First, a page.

After the Fes medina and tanneries, my friend and I were quite tired – so tired, in fact, that we almost missed the mass of tents that cropped up to our left as we drove back to Ifrane. When he noticed them, my friend began shouting incomprehensibly gesticulating and jumping as much as his seatbelt would allow him. Turns out we’d stumbled on a Fantasia, a traditional horseback musket shooting competition difficult to track down for those outside local circles. My friend has even traveled to Essaouira, quite a ways from Rabat, to attend one.
He joyfully parked, and we ran over wet, muddy trenches and mounds of dust and into a scent cloud of popcorn and fried meat. We joined a circle of shouting, whooping, colorfully-dressed Moroccans of all ages, gathered around an enclosure or creatively piled on available surfaces. Under the setting sun, the crowd encouraged traditionally dressed riders – men and women, young and old – as they galloped and attempted to shoot their muskets in sync with one another. In a rare turn of events, my friend and I were two of three non-Moroccans at the event, and were able to practice our language skills quite thoroughly. It would have been nice to know the translations for “stampede,” “charge” and “Get the _____ out of the way!” beforehand, but hey – ignorance adds to the adventure, right?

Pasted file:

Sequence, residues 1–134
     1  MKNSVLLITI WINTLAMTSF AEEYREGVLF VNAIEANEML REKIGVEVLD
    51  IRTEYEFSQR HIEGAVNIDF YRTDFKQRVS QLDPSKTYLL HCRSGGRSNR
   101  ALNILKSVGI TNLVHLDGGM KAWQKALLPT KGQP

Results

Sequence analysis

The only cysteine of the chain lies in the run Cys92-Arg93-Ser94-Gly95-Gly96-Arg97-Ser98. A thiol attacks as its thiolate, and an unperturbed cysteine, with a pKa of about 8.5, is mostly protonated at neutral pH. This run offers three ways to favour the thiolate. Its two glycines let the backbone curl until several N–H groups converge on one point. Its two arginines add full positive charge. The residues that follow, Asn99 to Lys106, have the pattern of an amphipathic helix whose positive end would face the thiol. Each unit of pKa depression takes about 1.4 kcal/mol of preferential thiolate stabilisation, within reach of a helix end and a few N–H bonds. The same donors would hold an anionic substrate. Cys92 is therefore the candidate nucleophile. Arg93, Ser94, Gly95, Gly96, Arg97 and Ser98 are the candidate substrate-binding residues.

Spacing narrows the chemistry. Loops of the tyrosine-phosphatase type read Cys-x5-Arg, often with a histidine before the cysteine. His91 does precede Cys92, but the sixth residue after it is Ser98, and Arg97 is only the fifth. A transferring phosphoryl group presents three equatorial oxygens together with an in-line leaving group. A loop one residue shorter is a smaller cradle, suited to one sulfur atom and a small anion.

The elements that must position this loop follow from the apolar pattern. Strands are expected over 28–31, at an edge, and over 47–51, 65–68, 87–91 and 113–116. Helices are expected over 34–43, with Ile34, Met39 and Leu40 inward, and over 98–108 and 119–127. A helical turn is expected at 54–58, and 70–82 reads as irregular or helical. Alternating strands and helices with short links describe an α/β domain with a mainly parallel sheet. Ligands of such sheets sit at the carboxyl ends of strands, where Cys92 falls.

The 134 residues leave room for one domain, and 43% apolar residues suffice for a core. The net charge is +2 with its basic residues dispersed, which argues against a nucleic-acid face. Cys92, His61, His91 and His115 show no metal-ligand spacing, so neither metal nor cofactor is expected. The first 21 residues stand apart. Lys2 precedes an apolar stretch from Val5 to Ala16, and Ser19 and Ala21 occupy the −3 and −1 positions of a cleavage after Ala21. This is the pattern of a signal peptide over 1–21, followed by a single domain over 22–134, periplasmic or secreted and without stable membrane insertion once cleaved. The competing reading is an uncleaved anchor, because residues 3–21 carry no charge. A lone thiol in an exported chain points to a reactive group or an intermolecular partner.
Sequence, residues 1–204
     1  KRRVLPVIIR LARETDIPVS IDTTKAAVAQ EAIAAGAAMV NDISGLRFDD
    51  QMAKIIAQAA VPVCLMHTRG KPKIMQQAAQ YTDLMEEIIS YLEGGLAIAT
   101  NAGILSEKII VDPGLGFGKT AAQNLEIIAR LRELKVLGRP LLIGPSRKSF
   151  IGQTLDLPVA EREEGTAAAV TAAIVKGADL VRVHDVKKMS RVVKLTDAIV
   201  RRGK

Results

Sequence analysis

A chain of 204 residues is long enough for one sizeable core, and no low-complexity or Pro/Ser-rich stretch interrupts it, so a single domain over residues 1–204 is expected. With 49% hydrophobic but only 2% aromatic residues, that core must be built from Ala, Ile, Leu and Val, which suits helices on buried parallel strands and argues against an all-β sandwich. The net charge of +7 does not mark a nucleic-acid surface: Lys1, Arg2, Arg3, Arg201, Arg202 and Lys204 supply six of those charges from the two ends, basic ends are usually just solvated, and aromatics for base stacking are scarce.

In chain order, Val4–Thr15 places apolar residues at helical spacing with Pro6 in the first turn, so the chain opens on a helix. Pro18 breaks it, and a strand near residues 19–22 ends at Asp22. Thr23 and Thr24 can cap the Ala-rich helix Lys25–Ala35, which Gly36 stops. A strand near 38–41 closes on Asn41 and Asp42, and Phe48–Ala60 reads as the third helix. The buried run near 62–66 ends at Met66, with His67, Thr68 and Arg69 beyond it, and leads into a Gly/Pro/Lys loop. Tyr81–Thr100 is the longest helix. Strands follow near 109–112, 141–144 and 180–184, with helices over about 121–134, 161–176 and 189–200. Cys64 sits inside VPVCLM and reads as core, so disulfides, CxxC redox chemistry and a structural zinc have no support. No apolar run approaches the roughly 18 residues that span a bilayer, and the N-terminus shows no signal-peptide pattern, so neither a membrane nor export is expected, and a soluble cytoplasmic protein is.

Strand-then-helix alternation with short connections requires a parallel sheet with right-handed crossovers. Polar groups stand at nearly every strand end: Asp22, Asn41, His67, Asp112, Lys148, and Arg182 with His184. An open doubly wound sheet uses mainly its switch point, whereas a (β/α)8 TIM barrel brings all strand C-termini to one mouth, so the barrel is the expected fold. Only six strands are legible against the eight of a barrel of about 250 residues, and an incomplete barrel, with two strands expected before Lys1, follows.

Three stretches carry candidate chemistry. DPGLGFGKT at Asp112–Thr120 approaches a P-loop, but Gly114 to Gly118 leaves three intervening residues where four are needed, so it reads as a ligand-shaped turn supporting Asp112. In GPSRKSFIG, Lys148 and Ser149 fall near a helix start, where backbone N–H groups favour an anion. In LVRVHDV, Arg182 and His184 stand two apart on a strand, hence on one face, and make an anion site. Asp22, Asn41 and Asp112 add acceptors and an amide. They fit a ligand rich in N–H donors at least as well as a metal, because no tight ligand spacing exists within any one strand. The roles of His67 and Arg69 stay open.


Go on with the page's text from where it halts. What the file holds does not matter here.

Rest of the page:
Here’s proof that I was there, talking to a Francophone journalist (that’s right):
Next Week: The predatory wasp of the Palisades comes to the Al Akhawayn Cafe